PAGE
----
|Percentage of total population
Source: U.S. Census Bureau
Why is home ownership so important? It’s long been viewed as one of the keystones in building wealth and climbing out of poverty. And although the black middle class was particularly hit hard when the housing bubble burst because so much of their wealth was tied up in home equity, District home owners have fared better than elsewhere. D.C. is the only city where housing prices increased over the past year. The District’s home ownership rate has risen by 45 percent over the past decade, but it appears the rate isn’t increasing fast enough for everyone.
Torben Hansen / Flickr
Racial disparities in drug enforcement are well-documented. Today, Washington City Paper‘s Rend Smith digs into how this plays out in the District, where black residents are eight times more likely to be arrested for marijuana possession than whites.
Smith writes about the common notion that white people tend to buy and smoke marijuana inside their homes, as opposed to African Americans who deal and smoke outside more frequently:
Court records for some of those arrested east of the river back that belief up. They describe vice officers spotting suspects engaging in open-air blazing or buying from street corner dealers. One subject “was walking down the street smoking a brown cigar” when cops spotted him. The recklessness involved would seem to disqualify disparate rates of marijuana arrests in the city as a civil rights issue: Black smokers are choosing to be flagrant about their pot use and so attracting the attention of cops who have no choice but to grab them.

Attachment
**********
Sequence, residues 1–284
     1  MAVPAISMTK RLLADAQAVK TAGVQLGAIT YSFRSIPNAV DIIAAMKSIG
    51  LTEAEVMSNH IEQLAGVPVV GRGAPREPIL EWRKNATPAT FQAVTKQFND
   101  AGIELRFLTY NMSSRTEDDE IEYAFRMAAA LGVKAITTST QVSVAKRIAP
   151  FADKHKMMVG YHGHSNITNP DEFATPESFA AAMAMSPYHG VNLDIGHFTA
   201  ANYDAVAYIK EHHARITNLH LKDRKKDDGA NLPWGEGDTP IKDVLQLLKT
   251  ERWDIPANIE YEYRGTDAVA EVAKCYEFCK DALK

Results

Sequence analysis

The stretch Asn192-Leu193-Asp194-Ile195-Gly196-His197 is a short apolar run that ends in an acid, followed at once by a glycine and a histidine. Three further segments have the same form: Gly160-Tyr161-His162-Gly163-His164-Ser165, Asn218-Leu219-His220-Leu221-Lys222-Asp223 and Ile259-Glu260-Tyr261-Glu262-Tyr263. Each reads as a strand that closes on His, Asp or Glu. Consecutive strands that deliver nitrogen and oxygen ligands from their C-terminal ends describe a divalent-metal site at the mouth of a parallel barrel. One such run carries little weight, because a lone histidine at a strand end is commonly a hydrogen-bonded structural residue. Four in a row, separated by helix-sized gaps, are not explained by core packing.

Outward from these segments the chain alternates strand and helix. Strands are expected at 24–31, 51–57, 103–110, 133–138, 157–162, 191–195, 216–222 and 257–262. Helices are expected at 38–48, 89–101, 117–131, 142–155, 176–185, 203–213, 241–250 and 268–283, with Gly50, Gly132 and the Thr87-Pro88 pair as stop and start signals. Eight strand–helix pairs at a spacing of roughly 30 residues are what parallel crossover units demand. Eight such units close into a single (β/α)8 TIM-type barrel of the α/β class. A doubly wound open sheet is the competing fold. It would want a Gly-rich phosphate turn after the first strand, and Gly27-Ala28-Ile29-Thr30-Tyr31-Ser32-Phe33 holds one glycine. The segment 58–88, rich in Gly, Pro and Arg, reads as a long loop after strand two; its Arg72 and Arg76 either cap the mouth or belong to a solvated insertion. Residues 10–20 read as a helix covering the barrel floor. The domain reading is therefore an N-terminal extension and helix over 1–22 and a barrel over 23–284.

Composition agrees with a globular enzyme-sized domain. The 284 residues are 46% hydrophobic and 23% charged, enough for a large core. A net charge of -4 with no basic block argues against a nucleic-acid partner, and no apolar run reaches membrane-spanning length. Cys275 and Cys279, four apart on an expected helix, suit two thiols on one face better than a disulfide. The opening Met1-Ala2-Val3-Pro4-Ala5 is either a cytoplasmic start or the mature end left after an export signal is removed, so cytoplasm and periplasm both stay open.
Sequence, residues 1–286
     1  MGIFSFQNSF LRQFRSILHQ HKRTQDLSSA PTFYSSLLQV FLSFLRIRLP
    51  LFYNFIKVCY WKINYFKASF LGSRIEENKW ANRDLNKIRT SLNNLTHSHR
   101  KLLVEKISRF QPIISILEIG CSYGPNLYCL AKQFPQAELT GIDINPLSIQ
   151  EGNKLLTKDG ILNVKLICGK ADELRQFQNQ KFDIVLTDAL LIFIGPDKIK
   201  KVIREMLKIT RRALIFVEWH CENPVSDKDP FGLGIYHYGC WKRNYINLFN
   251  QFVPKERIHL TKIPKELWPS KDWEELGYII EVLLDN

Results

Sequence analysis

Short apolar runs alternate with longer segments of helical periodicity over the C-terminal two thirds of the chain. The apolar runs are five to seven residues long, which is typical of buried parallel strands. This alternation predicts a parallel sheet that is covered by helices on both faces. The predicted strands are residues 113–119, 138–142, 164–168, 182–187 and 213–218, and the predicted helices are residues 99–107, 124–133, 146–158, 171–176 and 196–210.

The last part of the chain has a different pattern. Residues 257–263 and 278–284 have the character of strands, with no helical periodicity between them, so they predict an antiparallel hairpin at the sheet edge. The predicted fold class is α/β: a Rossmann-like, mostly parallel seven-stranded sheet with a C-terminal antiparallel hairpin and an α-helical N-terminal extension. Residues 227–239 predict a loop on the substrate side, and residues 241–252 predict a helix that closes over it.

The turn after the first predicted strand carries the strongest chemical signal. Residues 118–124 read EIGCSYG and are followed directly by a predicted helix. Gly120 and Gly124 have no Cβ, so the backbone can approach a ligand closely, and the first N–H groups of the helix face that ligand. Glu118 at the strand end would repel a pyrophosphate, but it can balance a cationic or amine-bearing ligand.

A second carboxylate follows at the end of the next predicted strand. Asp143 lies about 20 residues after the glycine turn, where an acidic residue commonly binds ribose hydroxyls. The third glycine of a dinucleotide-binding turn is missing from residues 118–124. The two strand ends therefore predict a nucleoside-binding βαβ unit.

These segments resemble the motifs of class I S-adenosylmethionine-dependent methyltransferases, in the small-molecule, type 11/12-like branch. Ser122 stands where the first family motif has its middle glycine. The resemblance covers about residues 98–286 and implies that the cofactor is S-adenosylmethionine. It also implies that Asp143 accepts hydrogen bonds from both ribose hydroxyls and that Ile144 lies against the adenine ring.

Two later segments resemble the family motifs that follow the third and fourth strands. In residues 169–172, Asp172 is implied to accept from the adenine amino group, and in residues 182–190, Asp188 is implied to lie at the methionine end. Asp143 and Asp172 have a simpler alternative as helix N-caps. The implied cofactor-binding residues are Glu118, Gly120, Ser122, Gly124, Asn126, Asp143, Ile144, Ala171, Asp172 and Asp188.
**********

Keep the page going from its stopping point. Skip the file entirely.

But even if assumptions about smoking and dealing habits are solid, that doesn’t mean there’s no problem with the way marijuana laws are currently being enforced in black and white neighborhoods. Taking my own experience as an African American who grew up poor into account, I remember some family and friends who puffed outside—whether that involved a pack of Kools or a joint meticulously sculpted from Top rolling papers—out of respect for others in their household, particularly where there was more than one generation (and therefore more than one set of moral values) under one roof. Dealing inside the house would have been all the more inappropriate. Although that’s certainly not the situation for every black person who tokes up or does a hand-off in Ward 7 or Ward 8, the idea is that you can’t just assume they’re being belligerent, and therefore asking for repercussions.
The problem becomes even more pronounced in D.C., given the city’s high incarceration rate (fourth in the nation, when compared to states). Marijuana possession can land you six months in jail and up to $1,000 in fines.